Hosts With the Mostess
To make their show stand out amidst so many competitors, late-night hosts are doing far more than just hosting the show. On April 26, Bee hosts the second “not-annual” Not the White House Correspondents’ Dinner in Washington, D.C., with the special airing a day later, at the same time as the White House Correspondents’ Dinner. James Corden, host of The Late Late Show on CBS, hosts competition series The World’s Best on that network, and also hosts Carpool Karaoke, a digital smash that gets an annual primetime special on CBS. (A Carpool Karaoke with Adele has 194 million views on YouTube.) Stephen Colbert and Chris Licht, executive producers of The Late Show, also executive produce Showtime’s Our Cartoon President.
Trevor Noah got raves for his book Born a Crime: Stories from a South African Childhood. Philipps brings viewers to Busy Tonight through her confessional videos on Instagram. “That authenticity is who Busy really is,” St. Onge said.
Conan O’Brien may be the busiest host in late night. He kicked off his half-hour Conan on TBS Jan. 22. Kevin Reilly, TBS and TNT president and chief creative officer of Turner Entertainment, called the show a “hub” in The New York Times, but not “the ultimate destination.”
O’Brien also hosts comedy tours, as well as a pair of podcasts — besides Conan O’Brien Needs a Friend, he debuted Inside Conan: An Important Hollywood Podcast March 1. “With such a glut of great talent, you have to cut through it and do something different,” TBS and TNT general manager Brett Weitz said. “It’s not just being a late-night host.”
The more traditional late-night shows on broadcast are not exactly sitting back. The Late Show With Stephen Colbert saw ratings skyrocket after Donald Trump was elected president. For the first time, The Late Show inched ahead of NBC’s The Tonight Show Starring Jimmy Fallon in early March in viewers 18-49 season-to-date.
Jim Bell, former Today executive producer, moved to The Tonight Show in the fall, taking on the title of executive in charge and showrunner. Fallon’s program has seen ratings tick up since. NBC did not make Bell available for comment. The show turned five in February.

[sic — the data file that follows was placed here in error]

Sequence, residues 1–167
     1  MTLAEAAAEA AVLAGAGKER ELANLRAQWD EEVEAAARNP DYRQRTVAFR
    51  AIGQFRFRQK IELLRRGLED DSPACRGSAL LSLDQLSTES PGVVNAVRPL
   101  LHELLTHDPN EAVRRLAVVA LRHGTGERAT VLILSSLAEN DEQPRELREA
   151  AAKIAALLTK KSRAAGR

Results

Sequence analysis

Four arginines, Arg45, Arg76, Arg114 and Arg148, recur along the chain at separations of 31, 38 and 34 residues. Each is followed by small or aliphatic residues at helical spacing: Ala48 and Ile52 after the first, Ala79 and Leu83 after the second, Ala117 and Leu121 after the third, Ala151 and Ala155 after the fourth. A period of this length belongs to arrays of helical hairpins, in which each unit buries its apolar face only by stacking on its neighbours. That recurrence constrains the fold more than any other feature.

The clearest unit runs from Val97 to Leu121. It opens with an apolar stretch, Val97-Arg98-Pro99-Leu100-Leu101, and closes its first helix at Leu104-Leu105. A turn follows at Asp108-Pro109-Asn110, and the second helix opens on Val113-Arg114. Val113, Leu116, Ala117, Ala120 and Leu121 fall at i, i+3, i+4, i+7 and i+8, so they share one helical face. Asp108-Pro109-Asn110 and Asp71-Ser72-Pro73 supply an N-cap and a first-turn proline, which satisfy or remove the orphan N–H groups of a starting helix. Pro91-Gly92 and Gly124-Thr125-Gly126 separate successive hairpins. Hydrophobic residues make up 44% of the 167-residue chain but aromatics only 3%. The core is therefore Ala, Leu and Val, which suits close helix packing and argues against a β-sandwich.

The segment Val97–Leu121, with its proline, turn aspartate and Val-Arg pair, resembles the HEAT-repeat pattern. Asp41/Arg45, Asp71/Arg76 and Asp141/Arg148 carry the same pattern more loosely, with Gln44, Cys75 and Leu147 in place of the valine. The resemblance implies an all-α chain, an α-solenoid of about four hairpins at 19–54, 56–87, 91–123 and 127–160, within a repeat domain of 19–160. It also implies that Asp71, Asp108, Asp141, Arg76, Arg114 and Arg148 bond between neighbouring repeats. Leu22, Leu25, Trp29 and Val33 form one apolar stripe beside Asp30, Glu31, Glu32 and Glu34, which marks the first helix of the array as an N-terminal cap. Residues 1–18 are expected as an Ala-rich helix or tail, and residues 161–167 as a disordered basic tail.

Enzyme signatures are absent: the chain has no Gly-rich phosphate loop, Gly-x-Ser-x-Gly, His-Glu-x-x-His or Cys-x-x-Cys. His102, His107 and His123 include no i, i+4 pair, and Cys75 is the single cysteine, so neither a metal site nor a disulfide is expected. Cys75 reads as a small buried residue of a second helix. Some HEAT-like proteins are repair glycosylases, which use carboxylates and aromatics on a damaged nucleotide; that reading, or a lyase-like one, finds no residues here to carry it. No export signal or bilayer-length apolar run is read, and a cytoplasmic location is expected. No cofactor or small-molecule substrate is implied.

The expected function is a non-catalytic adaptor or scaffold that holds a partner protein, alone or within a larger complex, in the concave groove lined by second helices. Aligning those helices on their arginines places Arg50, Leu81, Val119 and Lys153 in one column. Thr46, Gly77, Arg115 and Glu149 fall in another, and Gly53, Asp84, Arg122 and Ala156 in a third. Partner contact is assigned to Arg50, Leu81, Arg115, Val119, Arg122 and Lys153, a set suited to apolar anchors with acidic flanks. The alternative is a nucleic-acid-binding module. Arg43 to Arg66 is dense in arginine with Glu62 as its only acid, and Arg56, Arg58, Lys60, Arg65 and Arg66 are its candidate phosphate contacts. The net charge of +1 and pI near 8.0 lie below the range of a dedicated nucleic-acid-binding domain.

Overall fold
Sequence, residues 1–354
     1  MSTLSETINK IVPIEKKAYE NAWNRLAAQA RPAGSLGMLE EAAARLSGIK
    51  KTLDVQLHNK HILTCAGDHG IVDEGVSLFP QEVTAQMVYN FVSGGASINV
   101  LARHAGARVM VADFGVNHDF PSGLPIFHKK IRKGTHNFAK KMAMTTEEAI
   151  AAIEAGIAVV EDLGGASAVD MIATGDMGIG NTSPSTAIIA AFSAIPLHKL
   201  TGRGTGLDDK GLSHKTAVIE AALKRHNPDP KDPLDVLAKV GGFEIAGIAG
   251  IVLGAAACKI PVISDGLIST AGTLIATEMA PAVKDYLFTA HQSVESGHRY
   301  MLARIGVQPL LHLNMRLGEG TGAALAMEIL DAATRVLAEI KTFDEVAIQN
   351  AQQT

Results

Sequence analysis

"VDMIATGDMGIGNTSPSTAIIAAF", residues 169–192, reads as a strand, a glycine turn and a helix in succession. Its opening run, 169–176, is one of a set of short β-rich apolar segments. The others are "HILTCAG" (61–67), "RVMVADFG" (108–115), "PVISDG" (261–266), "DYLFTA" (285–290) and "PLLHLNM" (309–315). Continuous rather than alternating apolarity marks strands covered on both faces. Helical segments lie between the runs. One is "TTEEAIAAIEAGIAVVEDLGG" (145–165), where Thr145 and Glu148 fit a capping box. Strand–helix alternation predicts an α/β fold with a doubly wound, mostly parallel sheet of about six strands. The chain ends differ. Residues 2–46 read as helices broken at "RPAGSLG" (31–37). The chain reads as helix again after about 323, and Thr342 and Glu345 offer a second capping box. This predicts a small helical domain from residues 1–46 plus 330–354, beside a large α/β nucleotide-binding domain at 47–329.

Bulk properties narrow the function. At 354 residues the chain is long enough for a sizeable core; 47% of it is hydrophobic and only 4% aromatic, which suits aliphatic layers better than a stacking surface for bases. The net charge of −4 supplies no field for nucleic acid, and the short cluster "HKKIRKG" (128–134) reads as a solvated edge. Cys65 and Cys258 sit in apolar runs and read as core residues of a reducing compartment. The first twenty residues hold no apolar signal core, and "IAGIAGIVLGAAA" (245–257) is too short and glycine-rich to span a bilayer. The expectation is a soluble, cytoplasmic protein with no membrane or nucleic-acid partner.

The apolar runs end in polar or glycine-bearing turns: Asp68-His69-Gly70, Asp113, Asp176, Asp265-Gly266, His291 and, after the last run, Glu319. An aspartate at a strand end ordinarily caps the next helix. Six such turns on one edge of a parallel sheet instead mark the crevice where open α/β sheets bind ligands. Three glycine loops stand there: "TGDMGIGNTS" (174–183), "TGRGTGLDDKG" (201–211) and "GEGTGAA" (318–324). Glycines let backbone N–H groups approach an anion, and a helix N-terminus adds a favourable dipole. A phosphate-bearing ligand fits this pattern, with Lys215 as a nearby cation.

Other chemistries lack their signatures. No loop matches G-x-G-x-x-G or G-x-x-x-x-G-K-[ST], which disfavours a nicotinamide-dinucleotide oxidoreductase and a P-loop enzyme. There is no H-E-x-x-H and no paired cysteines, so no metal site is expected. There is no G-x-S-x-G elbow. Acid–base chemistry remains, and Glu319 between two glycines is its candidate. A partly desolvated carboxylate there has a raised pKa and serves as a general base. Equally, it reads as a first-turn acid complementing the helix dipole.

ABC’s Jimmy Kimmel Live! takes the show to Las Vegas April 1-5.
To be sure, not every late-night show is finding enough viewers to continue. For instance, The Rundown With Robin Thede lasted one season on BET. The Opposition With Jordan Klepper did not see a sophomore season on Comedy Central.
The streaming platforms, where shows don’t follow time-of-day schedules, have had a rough time in late night. Chelsea Handler-helmed Chelsea lasted two seasons on Netflix. Shows from Michelle Wolf and Joel McHale on Netflix lasted one. Comedians Norm Macdonald and Minhaj launched talk shows late last year on Netflix.
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Amazon and Hulu do not offer late-night-style talkers.
“The daypart itself is not as healthy as it used to be,” said Dave Smith, CEO/founder of consultancy SmithGeiger, who noted how subscription video-on-demand viewing cuts into both primetime and late-night audience. “It doesn’t necessarily make sense to launch a late-night show, but there’s always a chance that it breaks through.”
The 30-minute David Spade project will fill the slot previously held by Klepper. Spade described its content as “whatever is funny, whatever is stupid.” Larsen adds that, similar to the prevailing late-night mindset these days, Spade will extend the show brand on social platforms, and will take on whatever other projects to keep his face, name and brand in the pop culture bloodstream.
“We’re going to look at all those kinds of things as potential opportunities for David,” Larsen said.
While Spade may share some traits with traditional hosts, his new show won’t look a whole lot like those that came before it, as is the trend in late-night television. “I don’t think we see this as a traditional late-night setup,” Larsen said.
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Michael Malone, senior content producer at B+C/Multichannel News, covers network programming, including entertainment, news and sports on broadcast, cable and streaming; and local broadcast television. He hosts the podcasts Busted Pilot, about what’s new in television, and Series Business, a chat with the creator of a new program, and writes the column “The Watchman.” He joined B+C in 2005. His journalism has also appeared in The New York Times, The Philadelphia Inquirer, Playboy and New York magazine.